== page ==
Tuesday, December 09, 2008

Book review - Candide by Voltaire (translated by Theo Cuffe)

Candide (1758) is a wonderful dialectic adventure story, with a strong philosophical bent and excellent characters to boot. When I started the book, I questioned what the hell I was reading - the pace is ultra frenetic with action so dense that a Hollywood action movie wouldn't be able to keep pace, and the events are beyond far-fetched. However, after a few short chapters I had adapted and was firmly hooked into Voltaire's crazy world.

Candide works perfectly well without requiring a knowledge of political and philosophical context. At under a hundred pages in length, this really is a classic that should be read by all.



- He (Pangloss) could prove to wonderful effect that there was no effect without cause, and that, in this best of all possible worlds, his Lordship the Baron's castle was the finest of castles and her Ladyship the best of possible baronesses.
'It is demonstrable,' he would say, 'that things cannot be other than as they are: for, since everything is made to serve an end, everything is necessarily for the best of ends. Observe how noses were formed to support spectacles, therefore we have spectacles. Legs are clearly devised for the wearing of breeches, therefore we wear breeches.

- The king laughed. 'I cannot begin to understand the passion you Europeans have for our yellow mud; but take all you want, and much good may it do you.'

- This sequence of events completed Candide's despair; in truth he had endured misfortunes a thousand times more painful, but the cold-bloodedness of the magistrate, and of the captain who had robbed him, raised his spleen, and plunged him into the blackest melancholy. The wickedness of man now revealed itself to him in all its ugliness; his mind fed exclusively on gloomy thoughts.

- The immense riches seized by this scoundrel were engulfed along with him, and nothing saved but a single sheep. 'You see,' said Candide to Martin, 'crime is sometimes punished; that blackguard of a Dutch owner got the fate he deserved .'

- 'Yes,' said Martin, 'but did the passengers on board have to perish too?' God punished the thief, the devil drowned the rest.

- '... I have seen so many extraordinary things that nothing seems extraordinary to me any more' (Martin)

- 'I hope,' said Martin, 'that one day she may make you very happy, but I doubt it very much.' - 'You are very hard,' said Candide. - 'Because I know what life is,' said Martin.
'But look at those gondoliers,' said Candide; 'do they not sing all day long?'

- 'Yes, but you don't see them at home with their wives and squealing children,' said Martin. 'The Doge has his troubles, and the gondoliers have theirs. It is true that, all things considered, the lot of a gondolier is preferable to that of a Doge, but I think the difference is so slight as not to be worth arguing over.'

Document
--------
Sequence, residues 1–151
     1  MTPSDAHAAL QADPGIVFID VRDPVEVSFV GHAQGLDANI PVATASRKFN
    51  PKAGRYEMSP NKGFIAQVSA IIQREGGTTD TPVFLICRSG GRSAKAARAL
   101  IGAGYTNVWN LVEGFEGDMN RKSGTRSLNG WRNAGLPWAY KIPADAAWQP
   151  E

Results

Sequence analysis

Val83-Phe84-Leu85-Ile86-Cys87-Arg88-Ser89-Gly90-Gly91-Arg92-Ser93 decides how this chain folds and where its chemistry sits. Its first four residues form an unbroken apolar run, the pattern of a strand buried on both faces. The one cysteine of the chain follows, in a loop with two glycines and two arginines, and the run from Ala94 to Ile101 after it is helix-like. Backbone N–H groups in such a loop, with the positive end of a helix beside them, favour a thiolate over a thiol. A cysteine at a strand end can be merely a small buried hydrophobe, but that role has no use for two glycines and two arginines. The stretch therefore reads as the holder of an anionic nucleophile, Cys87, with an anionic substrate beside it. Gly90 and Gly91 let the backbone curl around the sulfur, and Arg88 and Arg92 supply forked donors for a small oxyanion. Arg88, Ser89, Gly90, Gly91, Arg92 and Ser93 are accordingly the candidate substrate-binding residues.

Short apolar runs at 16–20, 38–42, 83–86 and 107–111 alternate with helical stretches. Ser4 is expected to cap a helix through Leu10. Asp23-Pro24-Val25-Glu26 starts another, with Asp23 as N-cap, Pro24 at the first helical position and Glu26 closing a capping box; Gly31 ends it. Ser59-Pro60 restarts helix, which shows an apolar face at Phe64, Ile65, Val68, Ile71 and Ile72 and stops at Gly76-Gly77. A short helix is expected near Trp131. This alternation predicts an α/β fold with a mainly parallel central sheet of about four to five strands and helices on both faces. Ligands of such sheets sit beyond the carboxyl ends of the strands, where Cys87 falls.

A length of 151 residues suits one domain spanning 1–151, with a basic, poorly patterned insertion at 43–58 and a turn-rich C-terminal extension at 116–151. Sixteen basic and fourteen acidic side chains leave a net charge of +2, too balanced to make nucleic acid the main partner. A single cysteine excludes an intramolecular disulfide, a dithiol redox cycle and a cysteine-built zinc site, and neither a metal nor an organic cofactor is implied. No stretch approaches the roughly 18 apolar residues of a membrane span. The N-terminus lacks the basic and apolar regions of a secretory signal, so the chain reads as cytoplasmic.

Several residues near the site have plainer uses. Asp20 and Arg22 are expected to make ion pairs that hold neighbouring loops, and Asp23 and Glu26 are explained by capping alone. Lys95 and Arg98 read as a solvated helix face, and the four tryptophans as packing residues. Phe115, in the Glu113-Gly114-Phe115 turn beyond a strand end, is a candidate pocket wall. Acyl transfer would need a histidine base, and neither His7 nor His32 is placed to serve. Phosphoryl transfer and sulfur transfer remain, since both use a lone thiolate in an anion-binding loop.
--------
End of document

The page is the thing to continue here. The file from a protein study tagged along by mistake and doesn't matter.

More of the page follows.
- 'Now tell us this, my dear Pangloss,' said Candide. 'While you were being hanged, and dissected, and beaten, and made to row in a galley, did you continue to believe that all was for the best?'

- 'I hold firmly to my original views, ' replied Pangloss. 'I am a philosopher after all: it would not do for me to recant, given that Liebniz is incapable of error, and that pre-established harmony is moreover the finest thing in the world ...'

- Pangloss conceded that he had suffered horribly, all his life, but having once maintained that everything was going splendidly he would continue to do so, while believing nothing of the kind.

- During this conversation, news was spread abroad that two viziers of the bench and the mufti had just been strangled at Constantinople, and several of their friends empaled. This catastrophe made a great noise for some hours. Pangloss, Candide, and Martin, as they were returning to the little farm, met with a good-looking old man, who was taking the air at his door, under an alcove formed of the boughs of orange-trees. Pangloss, who was as inquisitive as he was disputative, asked him what was the name of the mufti who was lately strangled. “I cannot tell,” answered the good old man; “I never knew the name of any mufti, or vizier breathing. I am entirely ignorant of the event you speak of; I presume that in general such as are concerned in public affairs sometimes come to a miserable end; and that they deserve it: but I never inquire what is doing at Constantinople; I am contented with sending thither the produce of my garden, which I cultivate with my own hands.” After saying these words, he invited the strangers to come into his house. His two daughters and two sons presented them with divers sorts of sherbet of their own making; besides caymac, heightened with the peels of candied citrons, oranges, lemons, pineapples, pistachio nuts, and Mocha coffee unadulterated with the bad coffee of Batavia or the American islands. After which the two daughters of this good Mussulman perfumed the beards of Candide, Pangloss, and Martin.